Canadians are investing billions of dollars, from large network hubs to the newest online video subscription, in the Internet, but this spending is taking place in a policy vacuum. The usage-based billing debate, with sloganeers either calling on customers to start "paying for what you use" or on large Internet service providers to stop "trying to kill the open Internet," is only the latest manifestation of this uncertainty.
There are good reasons, in theory, to allow UBB - the levying of charges, based on the amount of material downloaded, by large providers on smaller providers who use their network infrastructure. But the federal government should send a recent decision on UBB back to the CRTC; not because it would make for better politics, but as a first step in cleaning up Canadian Internet policy.
In many competitive marketplaces, and in utilities, the commodity price per unit is often well-known. Consumers can know how much wheat costs by the bushel, or electricity by the kilowatt hour. But the actual cost to ISPs of downloading a lot of data is a black box; while large providers on occasion file information in confidence to the CRTC, the public has little ability to assess their claims around whether, say, $1 per gigabyte (equivalent to around an hour of online video) for heavy users is justifiable. The large ISPs argue that this is acceptable, because we have a competitive marketplace.
But we don't, at least not truly. In many parts of Canada, the market for Internet services into the home is a duopoly; the choice is between a local cable company and a local phone company. The smaller providers, the subject of the recent UBB decision, make up only around 6 per cent of the national market. In the U.S., the marketplace provides for no caps on data, or much higher caps, than those in Canada.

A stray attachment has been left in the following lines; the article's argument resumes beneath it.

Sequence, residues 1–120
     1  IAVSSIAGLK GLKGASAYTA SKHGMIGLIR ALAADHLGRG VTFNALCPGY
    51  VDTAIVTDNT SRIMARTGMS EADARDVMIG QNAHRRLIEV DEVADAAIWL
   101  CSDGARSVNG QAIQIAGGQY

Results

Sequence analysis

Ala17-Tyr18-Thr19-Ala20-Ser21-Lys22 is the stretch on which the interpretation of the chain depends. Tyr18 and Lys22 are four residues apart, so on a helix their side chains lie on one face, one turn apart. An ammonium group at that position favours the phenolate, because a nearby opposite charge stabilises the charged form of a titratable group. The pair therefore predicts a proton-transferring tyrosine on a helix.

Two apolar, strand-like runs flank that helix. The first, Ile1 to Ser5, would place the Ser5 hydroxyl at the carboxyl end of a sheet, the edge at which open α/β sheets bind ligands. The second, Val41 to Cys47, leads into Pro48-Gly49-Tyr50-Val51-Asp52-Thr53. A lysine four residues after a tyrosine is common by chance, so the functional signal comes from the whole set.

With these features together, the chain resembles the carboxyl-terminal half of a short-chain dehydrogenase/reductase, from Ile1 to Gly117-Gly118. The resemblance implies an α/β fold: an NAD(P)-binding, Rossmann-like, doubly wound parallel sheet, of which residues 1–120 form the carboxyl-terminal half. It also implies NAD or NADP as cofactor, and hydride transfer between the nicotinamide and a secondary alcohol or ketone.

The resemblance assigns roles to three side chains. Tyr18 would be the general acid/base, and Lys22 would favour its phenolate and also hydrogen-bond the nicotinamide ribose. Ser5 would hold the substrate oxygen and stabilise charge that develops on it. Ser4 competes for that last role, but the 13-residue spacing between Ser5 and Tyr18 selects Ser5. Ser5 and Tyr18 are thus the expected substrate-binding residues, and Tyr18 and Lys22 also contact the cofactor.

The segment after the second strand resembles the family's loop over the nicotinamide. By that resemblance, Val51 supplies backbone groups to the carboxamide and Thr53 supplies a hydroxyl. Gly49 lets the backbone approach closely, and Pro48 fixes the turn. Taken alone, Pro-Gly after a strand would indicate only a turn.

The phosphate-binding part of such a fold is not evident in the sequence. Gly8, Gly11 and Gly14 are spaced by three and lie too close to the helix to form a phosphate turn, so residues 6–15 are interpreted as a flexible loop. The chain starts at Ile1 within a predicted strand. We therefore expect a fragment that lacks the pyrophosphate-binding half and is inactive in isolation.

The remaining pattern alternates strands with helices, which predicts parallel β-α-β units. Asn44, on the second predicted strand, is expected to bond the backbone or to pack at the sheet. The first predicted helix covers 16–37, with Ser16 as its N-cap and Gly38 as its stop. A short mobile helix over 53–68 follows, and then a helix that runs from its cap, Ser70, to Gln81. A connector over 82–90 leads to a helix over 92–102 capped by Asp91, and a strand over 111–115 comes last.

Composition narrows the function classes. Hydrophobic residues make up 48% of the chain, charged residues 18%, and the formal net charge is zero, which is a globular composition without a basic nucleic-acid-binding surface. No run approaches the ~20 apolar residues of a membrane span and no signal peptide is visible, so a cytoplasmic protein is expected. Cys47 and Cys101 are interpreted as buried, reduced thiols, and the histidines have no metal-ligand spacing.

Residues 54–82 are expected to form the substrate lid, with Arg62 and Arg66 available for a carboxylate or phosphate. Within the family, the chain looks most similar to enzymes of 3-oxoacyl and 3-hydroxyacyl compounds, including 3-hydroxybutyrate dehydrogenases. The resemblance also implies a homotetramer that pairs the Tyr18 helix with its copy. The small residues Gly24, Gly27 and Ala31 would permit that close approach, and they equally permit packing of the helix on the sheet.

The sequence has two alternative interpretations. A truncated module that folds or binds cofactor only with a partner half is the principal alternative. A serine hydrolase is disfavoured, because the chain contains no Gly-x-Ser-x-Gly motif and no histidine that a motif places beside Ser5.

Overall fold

The CRTC decision, in which smaller providers get a 15-per-cent price discount from what the large providers' own customers pay for data downloading, is not supported by any particular economic evidence. It indirectly regulates price, something the CRTC is told to avoid. It is, in other words, a messy compromise that emanates from conflicting and contradictory mandates and federal direction.
For example, a 2006 policy statement sets out a more market-based approach to regulating the sector. Decisions both before and since then require larger ISPs to provide access to smaller ones. The result is that smaller ISPs, are in effect, "wards of the state," where individual regulatory decisions can make or break them, and larger ISPs wonder whether they will have to carry the entire load of updating Canadian Internet infrastructure.
The federal government needs to amend these policies, which have not been updated since the advent of widespread mobile data or online video. The guiding principles should encourage competition and investment, including more foreign investment; give sufficient clarity to the CRTC to allow it to proceed without constant second-guessing; and, where there's a conflict, err on the side of encouraging more access.
For while competition within the telecommunications sector is desirable, it is prone to the occasional market failure. The greater imperative is in getting the greatest amount of speedy Internet access to the greatest number of Canadians at the lowest price.
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